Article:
It’s late 1961, and Lee Morgan is a man without. He’d lost his place to live; his wife, Kiko, whom he’d married just a year earlier, had left him; and, desperate for drug money, he’d sold his trumpet. There was a silence in his life. But silences always find a way to get filled, and maybe this is a story about that. Maybe this whole album, 1962’s Take Twelve, is a story about filling silences, about figuring out sounds, about figuring out how to begin again.
By the summer of 1961, Morgan had been kicked out of his gig with Art Blakey’s Jazz Messengers. It wasn’t his first experience with the group. Morgan had first played with Blakey in an earlier iteration in 1956. It was just a temporary thing this time around — he and his friend, bassist Jimmy “Spanky” DeBrest, were asked to join when Blakey had dates in Morgan’s hometown of Philadelphia. The invite didn’t come out of the blue. Morgan, then just eighteen years old, was already becoming a known player in the city’s jazz scene. His sister Ernestine, a musician and music-lover herself, bought Morgan a trumpet when he was 14.
He immersed himself in the music. How could he not? Maybe it gets lost in the conversations of the great jazz centers, but make no mistake, Philadelphia could and should be mentioned in any conversation about the great American jazz cities. The city was home — either by birth or by choice — to John Coltrane, Dizzy Gillespie, Sun Ra, Nina Simone, Clifford Brown, the Heath Brothers and Shirley Scott, among so many others. And in Morgan’s time, the city couldn’t have been better. It was filled with clubs and performance spaces, and Ernestine filled his mind and ears with all of it when she brought him along to hear some of the greats like Charlie Parker and Bud Powell.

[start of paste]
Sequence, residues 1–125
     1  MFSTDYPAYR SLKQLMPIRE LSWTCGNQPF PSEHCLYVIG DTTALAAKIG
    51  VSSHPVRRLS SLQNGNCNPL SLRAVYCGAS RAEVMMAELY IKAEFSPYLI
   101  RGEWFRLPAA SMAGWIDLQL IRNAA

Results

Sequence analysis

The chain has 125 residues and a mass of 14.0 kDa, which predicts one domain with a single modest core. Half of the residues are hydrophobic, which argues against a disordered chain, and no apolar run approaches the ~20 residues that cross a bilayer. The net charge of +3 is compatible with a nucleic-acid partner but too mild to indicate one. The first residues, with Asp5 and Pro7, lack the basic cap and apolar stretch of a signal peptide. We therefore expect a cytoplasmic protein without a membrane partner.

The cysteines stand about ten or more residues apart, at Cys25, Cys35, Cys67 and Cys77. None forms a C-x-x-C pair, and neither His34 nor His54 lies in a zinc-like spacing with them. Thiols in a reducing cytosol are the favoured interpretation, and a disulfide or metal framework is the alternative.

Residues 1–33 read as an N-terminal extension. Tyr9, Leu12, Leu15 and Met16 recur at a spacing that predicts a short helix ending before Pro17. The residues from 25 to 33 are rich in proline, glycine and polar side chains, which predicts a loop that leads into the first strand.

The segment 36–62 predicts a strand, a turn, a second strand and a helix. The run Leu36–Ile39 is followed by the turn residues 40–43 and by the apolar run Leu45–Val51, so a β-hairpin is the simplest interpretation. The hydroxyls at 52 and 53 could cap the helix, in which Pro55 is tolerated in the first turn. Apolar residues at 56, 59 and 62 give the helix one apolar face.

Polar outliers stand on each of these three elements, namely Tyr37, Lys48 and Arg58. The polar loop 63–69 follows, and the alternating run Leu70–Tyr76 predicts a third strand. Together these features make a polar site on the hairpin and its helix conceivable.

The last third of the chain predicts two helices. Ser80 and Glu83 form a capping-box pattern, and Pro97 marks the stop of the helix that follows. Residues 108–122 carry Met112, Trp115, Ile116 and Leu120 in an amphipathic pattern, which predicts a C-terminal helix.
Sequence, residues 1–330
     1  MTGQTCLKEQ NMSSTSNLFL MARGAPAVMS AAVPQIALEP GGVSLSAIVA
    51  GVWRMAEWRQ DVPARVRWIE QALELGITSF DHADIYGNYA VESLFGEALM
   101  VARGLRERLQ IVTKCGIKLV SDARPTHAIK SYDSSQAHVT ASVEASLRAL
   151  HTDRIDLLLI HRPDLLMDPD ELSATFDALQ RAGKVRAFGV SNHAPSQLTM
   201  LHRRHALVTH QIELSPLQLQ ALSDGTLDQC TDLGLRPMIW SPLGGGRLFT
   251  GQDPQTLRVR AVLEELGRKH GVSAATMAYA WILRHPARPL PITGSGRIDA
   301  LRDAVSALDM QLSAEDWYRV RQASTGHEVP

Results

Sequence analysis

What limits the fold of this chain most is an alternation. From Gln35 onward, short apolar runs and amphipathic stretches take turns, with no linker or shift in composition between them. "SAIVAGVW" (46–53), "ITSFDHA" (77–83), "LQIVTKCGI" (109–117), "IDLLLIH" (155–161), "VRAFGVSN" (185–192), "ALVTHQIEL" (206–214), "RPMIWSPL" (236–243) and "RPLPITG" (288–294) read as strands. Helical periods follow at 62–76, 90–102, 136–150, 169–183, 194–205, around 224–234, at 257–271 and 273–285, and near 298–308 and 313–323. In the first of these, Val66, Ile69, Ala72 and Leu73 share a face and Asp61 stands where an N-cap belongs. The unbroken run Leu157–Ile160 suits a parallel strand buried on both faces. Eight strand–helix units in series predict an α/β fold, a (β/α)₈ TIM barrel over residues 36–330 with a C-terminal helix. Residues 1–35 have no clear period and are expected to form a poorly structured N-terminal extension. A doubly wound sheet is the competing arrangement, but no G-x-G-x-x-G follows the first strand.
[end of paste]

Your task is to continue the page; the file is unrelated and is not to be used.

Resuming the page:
Morgan started his own band when he was 15. “Lee was like a child prodigy,” recalled bassist and Morgan’s childhood friend Reggie Workman in an interview with David H. Rosenthal in Rosenthal’s book Hard Bop. But it wasn’t just natural ability, he continued. “Lee worked very hard at his craft and understood the oral tradition of jazz.” That work included going across town to the nearly all-white Jules E. Mastbaum Vocational High School in the city’s northeast Fish Town neighborhood rather than his neighborhood school because of Mastbaum’s notable music program. As Jeffery S. McMillan wrote in an article about Morgan’s early life, “Black students were so uncommon within the student body that the only African American that [fellow student Mike] LaVoe remembered were four students in the band.”
Morgan travelled across town each day, to an unfamiliar neighborhood, full of unfamiliar people because his mind had been made up — it was music or nothing. After school, he’d put in even more work, taking the stage at clubs and performance venues across the city. By the time Blakey tapped him, he’d already led bands on sessions for Blue Note and Savoy, and the following year, he would join Dizzy Gillespie’s big band. After the untimely death of trumpeter and Blakey bandmate Clifford Brown in a car crash in early 1956, Morgan was seen as the heir-apparent and became an in-demand player. “He had a little Clifford,” trumpeter Freddie Hubbard, who’d replace Morgan in the Messengers in 1961, explained in Alan Goldsher’s book Hard Bop Academy: The Sidemen of Art Blakey and the Jazz Messengers. “He had a little of everything, but he had his own little style. [...] He was really incredible.” And even if his style wasn’t reminiscent of Brown’s, there was just something about Morgan that everyone could just plain feel. It might have been his confidence. Hubbard also called him a “cocky little guy,” after all. But it’s probably more like what pianist Horace Silver wrote in his autobiography about hearing a teenage Morgan playing with Dizzy in New York: “He was about 18 years old and playin’ his ass off.” The kid could play, and everyone knew it, including Morgan. In an interview in the 2016 documentary I Called Him Morgan, bassist Paul West put it simply, “No question about it. He knew that he was talented.” Morgan put it this way in a January 1961 DownBeat interview: “I'm an extrovert person ... and hard bop is played by bands of extrovert people."